Trip to Kankwari Fort 4: The Extraction

We had conquered the hike to Kankwari Fort, and now it was time to go back home. But first we needed to get out from Sariska and reach Tehla. Yaadav Ji gave us an idea.

The Forest Ranger Post, Kankwari

It was well over 8 AM when we started descending from the fort. Yaadav Ji had told us that the our ride would be here by 8:30 and so we hurried on our way to the village.

Yaadav Ji was sitting in one of the houses (from where he spotted us last night), and so we went straight to that house. Yaadav Ji was lounging on the cot. 

Kankwari used to be a small village. But after the Tiger resurrection program in 2008, government shifted the residents from the core area to the outskirts of Sariska. The Google Map image (year 2013) shows around 7 - 13 houses around the fort. There were only 3 left when we were there. Yaadav Ji told us that their migration is in process as well, and they will be moved out too.

The house Yaadav Ji spends his time at. Belongs to a guy named Kishore Gujjar.

I have no idea with whom Yaadav Ji will spend his time when there will be nobody there. But Yaadav Ji didnt seem to care much. We were served tea at the house. Sahaj didn't like it. 

Yaadav Ji then lead us back to the ranger post.

At the post, we checked our bags to ensure that we are not leaving anything here accidentally. We were all set by 8:30, but our ride was late. My shoes were still wet and I was dying to get out of them. 

Yaadav Ji gave us some 'instructions'; such as .. "dont show your camera to the Jeep driver.. I have told him that you were my friends visiting me and not tourists.." it was because the park was legally closed. I dont know how much trouble it could have brought on us, but we didnt pay much attention and just pocketed my cameras (battery was almost dead anyways).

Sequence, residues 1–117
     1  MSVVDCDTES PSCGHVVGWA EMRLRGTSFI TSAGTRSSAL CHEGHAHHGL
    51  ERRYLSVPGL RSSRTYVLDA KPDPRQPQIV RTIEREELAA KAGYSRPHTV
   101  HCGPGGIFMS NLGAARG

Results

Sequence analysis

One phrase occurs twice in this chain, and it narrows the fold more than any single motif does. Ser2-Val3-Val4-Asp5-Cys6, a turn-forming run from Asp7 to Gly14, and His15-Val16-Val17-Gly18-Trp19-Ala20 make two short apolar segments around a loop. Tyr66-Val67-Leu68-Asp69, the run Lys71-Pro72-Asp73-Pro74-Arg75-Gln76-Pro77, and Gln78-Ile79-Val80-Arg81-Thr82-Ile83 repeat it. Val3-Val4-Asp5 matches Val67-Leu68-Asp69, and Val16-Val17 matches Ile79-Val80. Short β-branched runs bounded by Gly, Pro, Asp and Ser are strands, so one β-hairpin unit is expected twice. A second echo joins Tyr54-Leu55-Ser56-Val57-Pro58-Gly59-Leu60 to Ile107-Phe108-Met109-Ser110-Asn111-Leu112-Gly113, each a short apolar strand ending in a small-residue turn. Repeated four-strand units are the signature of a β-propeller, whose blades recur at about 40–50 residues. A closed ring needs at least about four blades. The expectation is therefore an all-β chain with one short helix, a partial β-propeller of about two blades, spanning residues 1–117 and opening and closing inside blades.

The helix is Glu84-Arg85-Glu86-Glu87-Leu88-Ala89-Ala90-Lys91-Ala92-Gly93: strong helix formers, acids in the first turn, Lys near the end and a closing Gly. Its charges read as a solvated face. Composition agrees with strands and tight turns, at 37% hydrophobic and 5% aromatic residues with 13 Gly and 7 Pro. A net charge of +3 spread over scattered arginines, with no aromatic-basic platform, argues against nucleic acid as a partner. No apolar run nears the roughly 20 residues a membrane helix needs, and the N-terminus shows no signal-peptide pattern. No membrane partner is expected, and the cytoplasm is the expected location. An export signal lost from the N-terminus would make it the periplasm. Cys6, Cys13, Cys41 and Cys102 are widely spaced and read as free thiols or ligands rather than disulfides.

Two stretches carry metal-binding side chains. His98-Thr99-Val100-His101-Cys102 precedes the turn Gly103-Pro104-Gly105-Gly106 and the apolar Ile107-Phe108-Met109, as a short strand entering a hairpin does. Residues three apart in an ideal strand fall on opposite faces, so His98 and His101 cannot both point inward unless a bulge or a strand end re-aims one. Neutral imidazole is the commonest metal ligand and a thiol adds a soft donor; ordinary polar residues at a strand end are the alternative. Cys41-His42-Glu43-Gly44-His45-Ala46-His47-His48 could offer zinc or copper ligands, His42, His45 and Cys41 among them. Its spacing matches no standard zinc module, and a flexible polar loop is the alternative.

The Jeep wasn't free. Yaadav Ji told us that the Jeep costs a standard fee, but I doubt that money would ever go to the pockets of the National Forest's bank account. Yaadav Ji got a little richer that day.

We passed our time chatting with Yaadav Ji for some more time when we saw a Jeep coming our way.

It was a 4x4 Safari Jeep that stopped before the Ranger Post. Excited, we started depositing our bags in the Jeep. 

Our driver Mr Ghaansi Raam was a fun guy who unlike Yaadav Ji had mastered the art of talking to people. He told us all about Tehla. We promised to bring him a bottle of good liquor on our next trip to Kankwari. Yaadav Ji told us that he abhorred booze and so we did not dare to take out our stash anytime.

We didn't see this temple in the dark.

For some strange reason Yaadav Ji kept trying to establish that all of us were drunk when we arrived at Kankwari. Perhaps he confused our exhaustion with drunkenness. And now to thought of it, some traits of both the conditions are similar. Our feet were stumbling in a zagged manner while following him to the post in the night, and my tongue was all slurry and a dry throat did not help me communicate effectively. At night, he told us about his brother who was an alcoholic and how it ruined his life. We didnt even bring the matter of the booze in our bags after that.

There was another thing that seemed odd to all of us. When Yaadav Ji took us to his post in the night, the first question that came our way was, "Kaun jaat ho aap log?" (What caste do you all belong to?).

Living in Delhi, we are not used to being asked about our caste or origins. But being born and raised in rural UP I had certainly heard this question a lot many times.